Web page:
In a dramatic move, University of Florida’s legendary football coach, Urban Meyer, abruptly quit the sport on Christmas Day.
His decision came after a hospitalization for chest pains and a realization that he had nearly worked himself to death building a championship team. Meyer’s prodigious work habits included neglecting his family and e-mailing recruits in church.
“I’m a person of faith and I wanted to make sure I had my priorities straight,” said Meyer. “A lot of times, coaches do not have their priorities straight. You put business before God and family, you have a problem.”
Of course, this is wishful thinking. If Meyer had actually prioritized God and family before the pigskin, he’d make a fine deacon and a great father… and a mediocre Division II coach. Those who reach the pinnacle in sports have a rare combination of natural gifts and an obsessive need to win. For example, the two most successful basketball players in my lifetime are Michael Jordan and Kobe Bryant – both of whom are pathological competitors. Their need to win likely crosses over into a disorder – but that is what it takes to be a champion.
For all his talk about God, it was the text messages and e-mails from the pews that catapulted the coach into sainthood in Gainesville. The choice was to worship on Sunday or be worshiped by adoring fans each Saturday – and Meyer chose the latter. This is not a criticism, just a reality check on Meyer’s message that he could have reversed his priorities and still had the same successful career. I doubt he could have.
When Meyer announced his retirement, his 18-year-old daughter hugged him and said, “I get my daddy back.” The coach said that he was retiring because God had told him to quit and his daughter’s reaction was confirmation of this divine intervention.
Two days later, following an afternoon on the practice field, Meyer changed his mind and switched his retirement status to a “leave of absence.” He expects to coach next fall.
So, did Meyer misinterpret God, confuse God’s voice with his own desires or is the coach defying His will by returning to the sideline?
In sports, it seems, God is always on the winning side, ready to snatch victory from the presumably heathen team, and deliver the game to the good guys. However, the notion is quite offensive and in some ways ruins the game. Why even watch, after all, if the sport is fixed and a victory is already preordained by God?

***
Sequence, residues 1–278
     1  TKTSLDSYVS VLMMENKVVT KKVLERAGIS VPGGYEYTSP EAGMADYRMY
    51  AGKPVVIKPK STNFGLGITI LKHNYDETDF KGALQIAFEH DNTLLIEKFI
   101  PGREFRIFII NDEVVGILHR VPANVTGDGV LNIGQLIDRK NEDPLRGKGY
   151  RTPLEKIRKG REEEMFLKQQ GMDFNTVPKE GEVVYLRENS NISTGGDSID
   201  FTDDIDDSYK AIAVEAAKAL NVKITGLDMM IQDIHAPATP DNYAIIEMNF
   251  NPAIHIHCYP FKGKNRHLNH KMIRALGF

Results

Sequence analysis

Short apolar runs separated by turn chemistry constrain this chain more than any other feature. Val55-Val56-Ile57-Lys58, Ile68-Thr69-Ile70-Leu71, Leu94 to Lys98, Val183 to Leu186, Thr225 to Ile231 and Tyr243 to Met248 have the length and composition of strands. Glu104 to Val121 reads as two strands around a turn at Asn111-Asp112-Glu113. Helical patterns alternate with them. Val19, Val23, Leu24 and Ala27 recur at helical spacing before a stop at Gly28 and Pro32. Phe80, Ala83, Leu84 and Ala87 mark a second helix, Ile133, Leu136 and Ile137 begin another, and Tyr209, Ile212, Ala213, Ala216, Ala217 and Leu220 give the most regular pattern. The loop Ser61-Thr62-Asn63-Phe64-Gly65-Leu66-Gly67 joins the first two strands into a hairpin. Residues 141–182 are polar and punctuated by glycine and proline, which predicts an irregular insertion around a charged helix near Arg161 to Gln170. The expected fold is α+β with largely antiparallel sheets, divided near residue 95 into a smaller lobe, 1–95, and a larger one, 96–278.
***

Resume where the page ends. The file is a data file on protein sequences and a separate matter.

In any case, I think that athletes and coaches should get back to scoring touchdowns or drawing up plays on chalkboards. The whole “catch a ball for God” routine is getting quite stale. Just once I’d like to see an athlete say, “I dropped the ball because Jesus doesn’t like me.”
Why not? Does He not get the credit for touchdowns, with an increasing number of spoiled, solipsistic athletes pointing towards the heavens after each score?
It is also outrageous to think that God gives a damn about football when children are starving and wars are raging. On my block in New York City, there are about a half-dozen homeless people who are exposed to the harshness of winter. I’d like to think that a just deity would end such injustice before traipsing off each Sunday to the New York Giants game.
For selfish reasons, as a University of Florida alumnus, I am glad Meyer is returning. I like to win and gator chomp and it makes me feel good to marinade in victory. It was exhilarating to crush Cincinnati 51-24 in the Sugar Bowl.
But can we finally keep God off the goal line and have a separation of sports and Scripture? Can the former Gator quarterback, Tim Tebow, an incredible athlete and a seemingly decent person, complete one sentence without mentioning Jesus and turning it into a prayer?
The fact that an athlete is gifted, does not mean he is God’s gift to the universe. Fundamentalist athletes and coaches alike aren’t special and should stop acting like Moses, just because they get to appear on ESPN’s Sports Center.
Although, after watching Tebow pass for a career-high 482 yards and three touchdowns while rushing for 51 yards against Cincinnati, I wouldn’t rule out that he could part the Red Sea.
Wayne Besen is a columnist and author of the book “Anything But Straight: Unmasking the Scandals and Lies Behind the Ex-Gay Myth.”